Here’s how the UK did in GDP growth from 2008 – 2014:

Here’s how the US did in GDP growth from 2008 – 2014:

3. Via CityLab, photographer Ignacio Evangelista photographed some of Europe’s abandoned border crossings. Thanks to the Schengen treaty, many internal EU borders are unmanned, unprotected, and abandoned. The EU features the free movement of labor and goods throughout its borders. Meanwhile, here in the US, the President is poised to halt all deportation of law-abiding people who have lived, worked, and paid taxes in the US for many years, and whose family members are already citizens, and this causes people to absolutely lose it. The European experiment is not perfect, but it’s fascinating to consider and analyze.  If, like me, you geek out over this stuff, check out the Internal Schengen Borders Flickr Group, and the External Schengen Borders Flickr Group.

4. Finally, here’s a bird – a Budgie, specifically – that sounds familiar.

Buffalo’s Outer Harbor: From Brownfield to Question Mark

Most everyone agrees that the Outer Harbor should primarily be set aside for parks and recreation. This includes the Erie Canal Harbor Development Corporation, as well as local preservationist, environmentalist, and planning activists. But as with any proposal that has even minimal complexity, there is a Buffalonian blood feud brewing when it comes to the issue of development.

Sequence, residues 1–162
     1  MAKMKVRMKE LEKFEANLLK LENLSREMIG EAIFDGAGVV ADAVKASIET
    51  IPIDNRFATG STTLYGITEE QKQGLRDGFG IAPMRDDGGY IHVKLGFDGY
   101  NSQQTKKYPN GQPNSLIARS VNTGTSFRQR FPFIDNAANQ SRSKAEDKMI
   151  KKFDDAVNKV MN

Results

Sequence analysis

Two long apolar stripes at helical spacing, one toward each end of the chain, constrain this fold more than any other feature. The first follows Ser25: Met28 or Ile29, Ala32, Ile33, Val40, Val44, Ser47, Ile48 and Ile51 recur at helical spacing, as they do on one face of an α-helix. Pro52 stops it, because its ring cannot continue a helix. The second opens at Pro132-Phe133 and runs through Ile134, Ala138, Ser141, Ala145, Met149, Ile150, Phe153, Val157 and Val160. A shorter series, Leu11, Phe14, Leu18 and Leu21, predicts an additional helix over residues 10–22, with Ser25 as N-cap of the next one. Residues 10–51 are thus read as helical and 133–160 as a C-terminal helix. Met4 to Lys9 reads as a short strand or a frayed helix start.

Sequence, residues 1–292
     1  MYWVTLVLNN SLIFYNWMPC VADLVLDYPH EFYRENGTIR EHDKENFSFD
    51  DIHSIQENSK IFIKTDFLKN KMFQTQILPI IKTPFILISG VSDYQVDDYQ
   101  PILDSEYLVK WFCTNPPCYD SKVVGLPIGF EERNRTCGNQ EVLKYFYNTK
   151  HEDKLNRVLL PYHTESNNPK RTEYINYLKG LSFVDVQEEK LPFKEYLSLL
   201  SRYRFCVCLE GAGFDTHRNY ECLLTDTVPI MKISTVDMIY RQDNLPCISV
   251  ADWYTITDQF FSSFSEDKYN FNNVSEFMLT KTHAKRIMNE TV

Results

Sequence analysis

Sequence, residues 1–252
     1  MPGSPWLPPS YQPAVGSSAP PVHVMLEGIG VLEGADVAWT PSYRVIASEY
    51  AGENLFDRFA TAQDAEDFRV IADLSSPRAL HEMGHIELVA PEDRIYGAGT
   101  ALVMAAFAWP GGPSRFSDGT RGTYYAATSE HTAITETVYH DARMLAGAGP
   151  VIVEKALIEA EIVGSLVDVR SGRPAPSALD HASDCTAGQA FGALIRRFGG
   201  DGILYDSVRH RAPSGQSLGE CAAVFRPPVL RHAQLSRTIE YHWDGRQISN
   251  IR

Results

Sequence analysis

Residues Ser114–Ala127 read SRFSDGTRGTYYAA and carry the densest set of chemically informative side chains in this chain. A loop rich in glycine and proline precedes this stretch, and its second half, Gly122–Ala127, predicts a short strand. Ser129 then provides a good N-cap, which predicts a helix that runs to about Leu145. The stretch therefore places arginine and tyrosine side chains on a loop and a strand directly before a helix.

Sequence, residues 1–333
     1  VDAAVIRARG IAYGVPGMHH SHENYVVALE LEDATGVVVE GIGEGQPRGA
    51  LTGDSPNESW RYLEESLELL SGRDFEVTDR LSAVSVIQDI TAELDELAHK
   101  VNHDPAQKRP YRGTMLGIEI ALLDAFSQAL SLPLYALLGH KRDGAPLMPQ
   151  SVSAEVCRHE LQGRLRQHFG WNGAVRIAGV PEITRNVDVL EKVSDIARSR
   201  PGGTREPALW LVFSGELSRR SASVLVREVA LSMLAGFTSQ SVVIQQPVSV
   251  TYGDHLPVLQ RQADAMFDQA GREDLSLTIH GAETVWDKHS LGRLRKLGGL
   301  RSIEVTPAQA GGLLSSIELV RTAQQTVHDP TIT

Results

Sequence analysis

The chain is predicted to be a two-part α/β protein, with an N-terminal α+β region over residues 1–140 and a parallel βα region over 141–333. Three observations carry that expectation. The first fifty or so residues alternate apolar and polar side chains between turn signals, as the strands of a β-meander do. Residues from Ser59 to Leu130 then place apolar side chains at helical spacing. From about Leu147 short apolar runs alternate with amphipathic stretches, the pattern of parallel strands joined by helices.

For over half a century, the people who run the airport, buses, and trolley also owned the land on the Outer Harbor. It fell into decay, disrepair, and parts of it were an environmental catastrophe. Anyone who cared agreed that the land was being poorly managed, and that it was a squandered opportunity.  In just the last few years, all that has changed, but it hasn’t been easy.

For instance, when improvements were made to access the Outer Harbor in recent years, the same people now fighting the idea of construction on the outer harbor were railing against enhancements to access it, claiming silly things, e.g., a bermed Route 5 off the Skyway represented a “wall” between Buffalo’s downtown and her waterfront – never mind the river and the grain elevators.